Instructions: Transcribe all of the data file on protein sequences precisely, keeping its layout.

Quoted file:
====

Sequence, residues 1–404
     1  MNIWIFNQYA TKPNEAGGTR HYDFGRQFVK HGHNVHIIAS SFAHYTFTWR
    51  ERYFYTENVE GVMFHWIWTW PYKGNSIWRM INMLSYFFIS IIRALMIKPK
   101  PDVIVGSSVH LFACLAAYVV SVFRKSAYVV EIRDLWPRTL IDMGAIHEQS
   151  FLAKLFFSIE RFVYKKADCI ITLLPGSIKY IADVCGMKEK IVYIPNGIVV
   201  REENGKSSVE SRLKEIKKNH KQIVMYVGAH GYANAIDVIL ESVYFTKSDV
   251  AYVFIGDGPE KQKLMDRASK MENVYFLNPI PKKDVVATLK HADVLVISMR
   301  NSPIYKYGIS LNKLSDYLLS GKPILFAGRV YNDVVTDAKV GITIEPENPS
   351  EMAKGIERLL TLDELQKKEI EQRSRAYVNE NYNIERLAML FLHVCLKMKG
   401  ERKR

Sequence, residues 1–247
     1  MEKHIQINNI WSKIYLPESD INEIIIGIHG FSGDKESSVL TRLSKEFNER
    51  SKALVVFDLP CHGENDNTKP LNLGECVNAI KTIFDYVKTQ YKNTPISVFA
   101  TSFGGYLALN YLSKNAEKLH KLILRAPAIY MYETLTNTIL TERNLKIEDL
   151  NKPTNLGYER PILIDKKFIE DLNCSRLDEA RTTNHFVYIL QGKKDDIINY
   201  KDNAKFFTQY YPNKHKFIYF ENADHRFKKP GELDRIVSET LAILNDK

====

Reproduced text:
Sequence, residues 1–404
     1  MNIWIFNQYA TKPNEAGGTR HYDFGRQFVK HGHNVHIIAS SFAHYTFTWR
    51  ERYFYTENVE GVMFHWIWTW PYKGNSIWRM INMLSYFFIS IIRALMIKPK
   101  PDVIVGSSVH LFACLAAYVV SVFRKSAYVV EIRDLWPRTL IDMGAIHEQS
   151  FLAKLFFSIE RFVYKKADCI ITLLPGSIKY IADVCGMKEK IVYIPNGIVV
   201  REENGKSSVE SRLKEIKKNH KQIVMYVGAH GYANAIDVIL ESVYFTKSDV
   251  AYVFIGDGPE KQKLMDRASK MENVYFLNPI PKKDVVATLK HADVLVISMR
   301  NSPIYKYGIS LNKLSDYLLS GKPILFAGRV YNDVVTDAKV GITIEPENPS
   351  EMAKGIERLL TLDELQKKEI EQRSRAYVNE NYNIERLAML FLHVCLKMKG
   401  ERKR

Sequence, residues 1–247
     1  MEKHIQINNI WSKIYLPESD INEIIIGIHG FSGDKESSVL TRLSKEFNER
    51  SKALVVFDLP CHGENDNTKP LNLGECVNAI KTIFDYVKTQ YKNTPISVFA
   101  TSFGGYLALN YLSKNAEKLH KLILRAPAIY MYETLTNTIL TERNLKIEDL
   151  NKPTNLGYER PILIDKKFIE DLNCSRLDEA RTTNHFVYIL QGKKDDIINY
   201  KDNAKFFTQY YPNKHKFIYF ENADHRFKKP GELDRIVSET LAILNDK